Kate Shepherdson pushes the envelope on innovation
Best book ever
Memoirs of a Geisha by Arthur Golden transported me to another land and culture. I felt sorry when I had finished it; I felt so submerged in this very different place that I didn't want to say goodbye to all the characters.
Best film ever
Don't Look Now (starring Donald Sutherland and Julie Christie, directed by Nicolas Roeg, 1973) because the iconography is fantastic and as a media teacher I appreciate the way every frame has this red signifier, relating to the drowning of the lost daughter.
The Guggenheim in New York, which I visited October half term, is wonderful, particularly the modern art collection. I am amazed at the way the curatorial staff work with children. My partner and I were fascinated to watch one of the curators working with a bunch of five and six-year-olds on the paintings of Kandinsky, giving them a language of art. They could talk about texture and shape in such an impressive fashion. If they can learn to talk like that about painting then they can learn to talk about literature in the same way. We teachers have to make more of galleries and museums.
Envelopes. I have a collection in my drawer. There's nothing like a sealed envelope to keep a class quiet, particularly the noisier and more challenging classes. I put things in envelopes, such as vocabulary to use in various projects, and hand them out to students, making them wait until they can open the seal.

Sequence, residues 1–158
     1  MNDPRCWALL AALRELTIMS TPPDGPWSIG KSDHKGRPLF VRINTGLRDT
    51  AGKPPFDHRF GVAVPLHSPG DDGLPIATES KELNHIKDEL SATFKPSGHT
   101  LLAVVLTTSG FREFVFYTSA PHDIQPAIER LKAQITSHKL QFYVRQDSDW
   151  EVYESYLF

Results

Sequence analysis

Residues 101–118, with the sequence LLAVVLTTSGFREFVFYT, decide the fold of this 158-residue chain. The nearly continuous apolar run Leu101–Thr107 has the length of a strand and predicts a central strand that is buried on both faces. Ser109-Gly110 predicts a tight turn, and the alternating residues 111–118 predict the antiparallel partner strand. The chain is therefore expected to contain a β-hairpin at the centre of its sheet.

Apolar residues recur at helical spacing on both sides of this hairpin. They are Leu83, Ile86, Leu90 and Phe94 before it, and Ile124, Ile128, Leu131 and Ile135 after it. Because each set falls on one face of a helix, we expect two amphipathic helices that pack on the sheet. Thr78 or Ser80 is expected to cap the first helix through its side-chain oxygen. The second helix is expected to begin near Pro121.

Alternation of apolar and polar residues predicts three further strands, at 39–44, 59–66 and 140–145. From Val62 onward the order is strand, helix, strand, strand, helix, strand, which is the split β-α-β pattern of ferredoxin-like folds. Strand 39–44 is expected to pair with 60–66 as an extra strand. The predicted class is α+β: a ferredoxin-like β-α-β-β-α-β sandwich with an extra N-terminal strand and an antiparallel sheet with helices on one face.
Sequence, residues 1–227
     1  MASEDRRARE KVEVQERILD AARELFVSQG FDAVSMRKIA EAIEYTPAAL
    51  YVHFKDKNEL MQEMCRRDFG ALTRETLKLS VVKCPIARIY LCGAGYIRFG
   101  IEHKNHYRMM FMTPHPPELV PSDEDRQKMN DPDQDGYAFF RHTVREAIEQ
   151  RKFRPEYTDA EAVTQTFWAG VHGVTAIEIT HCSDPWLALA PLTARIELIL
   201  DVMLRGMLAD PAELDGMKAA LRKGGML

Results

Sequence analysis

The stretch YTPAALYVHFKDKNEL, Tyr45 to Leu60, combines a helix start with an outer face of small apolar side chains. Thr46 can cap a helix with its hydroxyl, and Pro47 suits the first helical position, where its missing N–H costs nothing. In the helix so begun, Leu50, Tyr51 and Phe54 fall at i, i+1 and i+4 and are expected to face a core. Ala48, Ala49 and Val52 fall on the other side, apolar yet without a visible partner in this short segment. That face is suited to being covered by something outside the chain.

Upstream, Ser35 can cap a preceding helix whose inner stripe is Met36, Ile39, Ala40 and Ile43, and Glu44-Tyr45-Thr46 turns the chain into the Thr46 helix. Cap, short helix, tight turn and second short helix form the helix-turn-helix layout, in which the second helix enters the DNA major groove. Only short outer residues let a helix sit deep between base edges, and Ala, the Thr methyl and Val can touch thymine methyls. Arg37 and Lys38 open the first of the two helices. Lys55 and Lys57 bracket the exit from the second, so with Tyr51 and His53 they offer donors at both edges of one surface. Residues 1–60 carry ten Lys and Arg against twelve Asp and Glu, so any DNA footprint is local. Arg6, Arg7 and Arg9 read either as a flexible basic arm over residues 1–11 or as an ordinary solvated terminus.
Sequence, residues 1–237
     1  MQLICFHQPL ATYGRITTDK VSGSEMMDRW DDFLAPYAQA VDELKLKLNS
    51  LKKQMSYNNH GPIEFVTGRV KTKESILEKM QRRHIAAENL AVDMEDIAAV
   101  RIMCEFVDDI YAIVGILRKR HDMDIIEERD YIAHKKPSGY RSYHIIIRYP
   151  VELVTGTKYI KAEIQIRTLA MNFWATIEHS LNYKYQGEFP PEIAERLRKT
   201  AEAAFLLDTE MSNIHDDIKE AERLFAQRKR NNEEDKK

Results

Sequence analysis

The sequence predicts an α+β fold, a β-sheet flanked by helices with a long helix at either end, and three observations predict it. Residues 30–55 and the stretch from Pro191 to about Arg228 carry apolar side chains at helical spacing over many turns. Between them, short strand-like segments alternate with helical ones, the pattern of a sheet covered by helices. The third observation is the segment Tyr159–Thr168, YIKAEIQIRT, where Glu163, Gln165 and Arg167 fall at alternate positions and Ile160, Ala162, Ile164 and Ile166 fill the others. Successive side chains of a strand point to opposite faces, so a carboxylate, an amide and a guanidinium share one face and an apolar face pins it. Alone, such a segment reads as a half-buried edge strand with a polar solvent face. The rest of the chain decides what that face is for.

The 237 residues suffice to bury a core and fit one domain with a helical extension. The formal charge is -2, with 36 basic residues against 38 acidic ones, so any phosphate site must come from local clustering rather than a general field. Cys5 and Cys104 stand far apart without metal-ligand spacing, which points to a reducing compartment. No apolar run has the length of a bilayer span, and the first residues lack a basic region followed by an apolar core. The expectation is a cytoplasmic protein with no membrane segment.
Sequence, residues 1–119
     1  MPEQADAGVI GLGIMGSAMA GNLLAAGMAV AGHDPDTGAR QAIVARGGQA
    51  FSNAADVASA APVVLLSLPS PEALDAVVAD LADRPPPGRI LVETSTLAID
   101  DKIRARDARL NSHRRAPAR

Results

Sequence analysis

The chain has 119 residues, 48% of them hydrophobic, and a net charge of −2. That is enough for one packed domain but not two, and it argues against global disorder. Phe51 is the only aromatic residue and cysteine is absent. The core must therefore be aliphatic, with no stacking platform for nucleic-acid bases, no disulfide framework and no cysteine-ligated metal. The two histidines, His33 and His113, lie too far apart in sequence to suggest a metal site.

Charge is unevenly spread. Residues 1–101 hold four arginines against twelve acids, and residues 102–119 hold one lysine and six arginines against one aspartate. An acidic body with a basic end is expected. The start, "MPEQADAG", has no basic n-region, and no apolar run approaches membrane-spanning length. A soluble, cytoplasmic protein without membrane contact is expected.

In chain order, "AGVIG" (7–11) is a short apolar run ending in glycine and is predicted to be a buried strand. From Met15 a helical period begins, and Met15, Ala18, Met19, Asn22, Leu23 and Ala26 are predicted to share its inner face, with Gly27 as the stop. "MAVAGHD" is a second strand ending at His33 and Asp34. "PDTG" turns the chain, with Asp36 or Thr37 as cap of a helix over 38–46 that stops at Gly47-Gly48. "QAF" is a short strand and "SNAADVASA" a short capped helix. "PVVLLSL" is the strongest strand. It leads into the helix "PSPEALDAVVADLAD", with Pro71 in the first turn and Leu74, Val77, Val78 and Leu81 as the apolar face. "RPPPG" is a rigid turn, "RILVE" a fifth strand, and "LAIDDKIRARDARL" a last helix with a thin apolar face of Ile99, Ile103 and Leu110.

Looking forward to
A time when I have all my resources in place. I'm sure collecting resources is an endless task, but at the moment as an NQT I feel like a scavenger and an internet junkie. I long for a time when they're all nicely to hand.
Kate Shepherdson, 24, is an NQT at Canon Slade secondary school, Bolton, where she teaches English and media. As a Manchester University PGCE student last year, she took part in Literature Matters, an Arts Council-funded initiative to expand trainee teachers' knowledge of children's literature. Interview by Elaine Williams